One thing missing here, though, is the story’s cutaways to the wider world, showing the horrific impact that Dee’s meddling is having on all of humanity. “You are hurting the dreamers,” Morpheus reproves; but we see little evidence of that until the epilogue, with Dream and Matthew standing on a street in flames. I can understand that keeping the action centred in the diner increases the story’s claustrophobic intensity; but even in the original comic, we see what’s happening in the rest of the world through disturbing snippets on the diner’s TV screen. A bit more of that would have helped convey the scale of what’s at stake here.
That’s a minor quibble really, and the compression of that final battle certainly makes it more tense as it looks like Dee really has destroyed the Sandman. But what he’s actually done, in destroying the ruby, is release all that power back to the Dream Lord. There’s a marvellous recreation of one of the more striking images from the original comic, as Dee, thinking himself victorious, gradually realises that the blank white space he’s standing in is actually Dream’s hand, the returned power having magnified him to a giant size.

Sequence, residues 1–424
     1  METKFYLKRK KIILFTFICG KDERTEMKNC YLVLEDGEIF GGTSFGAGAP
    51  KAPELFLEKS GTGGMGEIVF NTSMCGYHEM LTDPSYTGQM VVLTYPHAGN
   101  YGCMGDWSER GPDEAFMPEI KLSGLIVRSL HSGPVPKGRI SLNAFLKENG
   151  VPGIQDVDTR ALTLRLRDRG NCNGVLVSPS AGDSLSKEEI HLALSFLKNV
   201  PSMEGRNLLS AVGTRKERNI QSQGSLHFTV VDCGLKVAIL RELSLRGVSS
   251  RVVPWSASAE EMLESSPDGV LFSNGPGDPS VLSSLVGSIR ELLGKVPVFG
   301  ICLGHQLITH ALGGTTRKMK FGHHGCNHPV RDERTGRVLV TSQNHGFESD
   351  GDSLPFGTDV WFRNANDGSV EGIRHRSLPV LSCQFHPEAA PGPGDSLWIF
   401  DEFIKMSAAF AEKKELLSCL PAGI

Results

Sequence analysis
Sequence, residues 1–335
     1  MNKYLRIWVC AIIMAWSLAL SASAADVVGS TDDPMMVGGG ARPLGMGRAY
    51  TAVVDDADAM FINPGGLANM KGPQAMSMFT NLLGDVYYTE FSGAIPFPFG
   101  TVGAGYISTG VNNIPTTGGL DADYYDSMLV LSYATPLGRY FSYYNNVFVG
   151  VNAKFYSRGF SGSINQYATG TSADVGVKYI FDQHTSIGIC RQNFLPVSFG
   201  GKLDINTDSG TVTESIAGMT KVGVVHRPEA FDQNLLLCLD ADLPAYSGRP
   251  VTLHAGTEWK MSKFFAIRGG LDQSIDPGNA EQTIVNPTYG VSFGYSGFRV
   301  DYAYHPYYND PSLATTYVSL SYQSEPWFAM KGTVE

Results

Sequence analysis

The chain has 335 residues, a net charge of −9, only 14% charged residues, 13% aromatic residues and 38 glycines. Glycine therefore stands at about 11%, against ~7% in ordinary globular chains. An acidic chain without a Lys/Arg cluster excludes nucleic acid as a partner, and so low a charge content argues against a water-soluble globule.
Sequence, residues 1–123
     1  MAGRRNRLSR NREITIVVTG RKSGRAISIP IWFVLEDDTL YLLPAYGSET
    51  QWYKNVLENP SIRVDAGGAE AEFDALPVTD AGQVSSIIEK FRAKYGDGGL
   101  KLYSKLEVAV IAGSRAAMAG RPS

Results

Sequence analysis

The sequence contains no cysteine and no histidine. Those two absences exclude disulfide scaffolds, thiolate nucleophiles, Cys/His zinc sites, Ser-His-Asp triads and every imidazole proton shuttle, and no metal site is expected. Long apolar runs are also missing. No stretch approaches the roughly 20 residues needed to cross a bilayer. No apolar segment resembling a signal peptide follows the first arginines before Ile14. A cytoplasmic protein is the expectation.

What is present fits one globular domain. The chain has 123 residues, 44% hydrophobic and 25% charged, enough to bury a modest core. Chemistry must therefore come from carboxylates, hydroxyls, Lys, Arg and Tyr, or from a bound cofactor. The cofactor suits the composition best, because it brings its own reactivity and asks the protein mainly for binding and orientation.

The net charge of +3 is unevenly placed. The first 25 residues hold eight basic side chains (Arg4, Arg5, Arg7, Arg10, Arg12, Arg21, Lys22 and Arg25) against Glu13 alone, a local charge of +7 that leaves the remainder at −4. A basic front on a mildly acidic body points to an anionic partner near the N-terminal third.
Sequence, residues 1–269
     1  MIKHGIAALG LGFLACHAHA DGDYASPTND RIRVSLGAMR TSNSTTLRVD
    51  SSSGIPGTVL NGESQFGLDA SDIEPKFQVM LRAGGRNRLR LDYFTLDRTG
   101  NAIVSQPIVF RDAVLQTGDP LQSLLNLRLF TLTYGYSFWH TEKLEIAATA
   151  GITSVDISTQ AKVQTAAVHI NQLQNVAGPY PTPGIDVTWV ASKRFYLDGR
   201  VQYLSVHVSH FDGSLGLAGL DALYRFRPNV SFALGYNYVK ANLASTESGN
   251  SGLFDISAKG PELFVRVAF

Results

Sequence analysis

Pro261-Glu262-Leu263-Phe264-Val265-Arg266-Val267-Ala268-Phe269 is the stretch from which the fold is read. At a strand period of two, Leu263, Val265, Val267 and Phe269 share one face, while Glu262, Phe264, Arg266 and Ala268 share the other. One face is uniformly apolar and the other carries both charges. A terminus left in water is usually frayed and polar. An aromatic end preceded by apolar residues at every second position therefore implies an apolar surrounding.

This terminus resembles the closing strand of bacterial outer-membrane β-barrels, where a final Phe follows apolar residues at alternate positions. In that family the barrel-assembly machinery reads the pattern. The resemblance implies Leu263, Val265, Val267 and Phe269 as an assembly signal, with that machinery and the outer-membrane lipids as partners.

This is obviously the end of the Dee storyline, and very effective it is too. With Dream’s totems found and his power returned, it’s also the end of the first story arc in the comics, collected as Preludes and Nocturnes. But the show has been smart in seeding its main antagonist as the Corinthian right from the start, and he’s still out there somewhere, so it doesn’t feel like an ending.
And indeed, though the Corinthian himself isn’t present here, a new antagonist shows up right at the end – Desire of the Endless, Dream’s sibling. Desire is incarnated by non-binary actor Mason Alexander Park, who sets the tone perfectly with a gleaming smile and a threatening, “I’m watching you… big brother”. And anyone moaning about the casting of a non-binary actor really should take another look at the original comics; Desire is about as non-binary as it gets.
So, a perfect halfway point in the series, marking the end of its first major story arc just as in the comics. Next time – meet Death. But don’t worry, she’s not as scary as you think…